Lacey Baker hits a rut

The day before the women's Skate Street competition at X Games 17, Lacey Baker surveyed the freshly poured California Skateparks course at the Staples Center. She examined the banks, rails and hubbas. At the gaps and wall-ride tranny, her eyes widened to the size of salad plates. You could sense her mind skimming the possibilities of each element as if she were on four wheels rolling over cement.

But while her eyes glided from feature to feature, Baker's petite frame could not follow suit. It traveled slowly on two feet, irregular and deliberate, with the help of her grandmother's cane.

Lacey Baker is 19 years old.

The Covina, Calif., phenom received confirmation in the hours before the biggest competition of the year that the MRI performed on Tuesday revealed a partial tear in her left MCL, rendering her unable to compete for the 1-in-10 shot at $50,000.

Mark Kohlman/Special to espnW

Lacey Baker is out of X Games 17 competition after receiving MRI results on Thursday confirming a partially torn left MCL.

"There's an amazing course in front of me and I can't even skate," she said with a frustrated smirk and a gentle shake of her trademark dishwater-blond drape.

A precis of Lacey Baker's entire season -- everything that she and the tight group of the world's best women street skaters live for -- is four competitions in swift succession through the month of July.

At the Rome World Cup of Skateboarding over Fourth of July weekend, Baker rode her way to a second-place finish and 600 euros (about $860).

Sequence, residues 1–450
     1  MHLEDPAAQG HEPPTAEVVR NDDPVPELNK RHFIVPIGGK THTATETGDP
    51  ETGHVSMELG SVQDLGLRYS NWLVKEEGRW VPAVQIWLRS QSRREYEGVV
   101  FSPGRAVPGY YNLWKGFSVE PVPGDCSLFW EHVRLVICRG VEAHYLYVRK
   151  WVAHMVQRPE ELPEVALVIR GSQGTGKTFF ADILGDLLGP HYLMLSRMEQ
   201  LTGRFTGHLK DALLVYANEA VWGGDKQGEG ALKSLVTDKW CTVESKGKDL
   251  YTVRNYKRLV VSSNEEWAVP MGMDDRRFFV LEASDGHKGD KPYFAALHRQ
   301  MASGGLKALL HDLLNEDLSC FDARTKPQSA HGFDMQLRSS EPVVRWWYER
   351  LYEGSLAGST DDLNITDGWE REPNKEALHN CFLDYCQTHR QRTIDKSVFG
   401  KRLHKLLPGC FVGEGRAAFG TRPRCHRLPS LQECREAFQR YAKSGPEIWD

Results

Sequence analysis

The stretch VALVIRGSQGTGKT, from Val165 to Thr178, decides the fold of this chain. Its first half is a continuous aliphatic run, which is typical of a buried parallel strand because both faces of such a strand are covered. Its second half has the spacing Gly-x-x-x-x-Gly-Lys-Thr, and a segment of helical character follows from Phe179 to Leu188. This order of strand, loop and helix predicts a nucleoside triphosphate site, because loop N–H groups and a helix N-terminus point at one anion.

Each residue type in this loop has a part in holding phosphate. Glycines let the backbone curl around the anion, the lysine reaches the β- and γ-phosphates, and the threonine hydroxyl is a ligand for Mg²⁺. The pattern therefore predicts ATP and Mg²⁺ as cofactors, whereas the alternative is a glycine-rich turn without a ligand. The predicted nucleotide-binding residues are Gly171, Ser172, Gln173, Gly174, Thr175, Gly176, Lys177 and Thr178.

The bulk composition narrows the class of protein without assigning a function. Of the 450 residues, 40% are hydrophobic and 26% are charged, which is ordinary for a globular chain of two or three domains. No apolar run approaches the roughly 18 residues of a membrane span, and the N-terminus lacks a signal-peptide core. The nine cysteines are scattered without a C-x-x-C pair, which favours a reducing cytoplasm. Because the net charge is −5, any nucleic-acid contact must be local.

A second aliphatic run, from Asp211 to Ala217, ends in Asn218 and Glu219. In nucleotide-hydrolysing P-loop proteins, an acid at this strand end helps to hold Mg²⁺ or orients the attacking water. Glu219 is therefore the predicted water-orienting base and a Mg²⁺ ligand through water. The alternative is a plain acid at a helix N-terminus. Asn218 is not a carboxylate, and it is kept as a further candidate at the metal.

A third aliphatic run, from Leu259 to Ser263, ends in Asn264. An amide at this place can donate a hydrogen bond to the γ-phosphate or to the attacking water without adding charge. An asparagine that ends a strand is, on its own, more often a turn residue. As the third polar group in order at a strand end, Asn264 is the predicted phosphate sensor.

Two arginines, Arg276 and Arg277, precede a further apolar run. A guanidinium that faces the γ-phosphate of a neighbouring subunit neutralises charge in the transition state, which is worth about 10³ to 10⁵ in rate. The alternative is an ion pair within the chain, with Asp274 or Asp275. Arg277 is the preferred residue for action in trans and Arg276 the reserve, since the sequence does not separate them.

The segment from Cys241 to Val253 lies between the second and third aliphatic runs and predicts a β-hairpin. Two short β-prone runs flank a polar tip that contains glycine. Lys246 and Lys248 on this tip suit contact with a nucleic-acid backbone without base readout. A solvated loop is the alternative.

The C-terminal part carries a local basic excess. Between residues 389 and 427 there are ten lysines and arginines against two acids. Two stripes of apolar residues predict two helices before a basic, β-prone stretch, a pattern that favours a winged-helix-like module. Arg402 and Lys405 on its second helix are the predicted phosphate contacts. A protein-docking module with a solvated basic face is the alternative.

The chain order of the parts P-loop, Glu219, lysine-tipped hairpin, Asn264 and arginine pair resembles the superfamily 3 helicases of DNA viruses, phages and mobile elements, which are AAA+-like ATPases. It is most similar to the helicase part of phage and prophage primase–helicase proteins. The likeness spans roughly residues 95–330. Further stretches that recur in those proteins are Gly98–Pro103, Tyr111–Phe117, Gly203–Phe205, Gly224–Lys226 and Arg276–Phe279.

Days later, at the 2011 Relentless Energy Drink NASS Girlzilla in Shepton Mallet, England, Baker edged out last year's X Games winner, Alexis Sablone, and last year's Girlzilla victor, Leticia Bufoni, for top honors, earning her 650 pounds (about $1,000).

The following week, Baker moved on to the third and final major tour stop in Europe, and was tasked with defending her title at the Mystic SK8 Cup in Prague, Czech Republic.

"On the last day of the Prague contest, I came in fast to this jump over a fire hydrant. I stuck it completely, but after I landed, my foot just slipped off or something and I ripped my knee," she said. "I wasn't sure how bad it was at first. I mean, I could kinda walk. And dance to Gaga. I didn't know. But I guess I did know, even before the results came back, that I wasn't going to be able to skate X Games."

Baker's sense of humor is -- as always -- fully intact, but the timing of the knee injury is a blow to the momentum of the blue-chip skater, who was coming in hot to a most promising shot at the year's biggest annual prize purse.

"I'm really pretty bummed out. We're broke," Baker said. "This was my opportunity of the summer to make some money. I'm in school during the year. I took this summer off in order to skate. My plan was to take the three weeks in Europe, come back to compete in X Games, and then go home and just skate and shoot photos and video and get myself out there. But I kinda hit a little bump in the road here."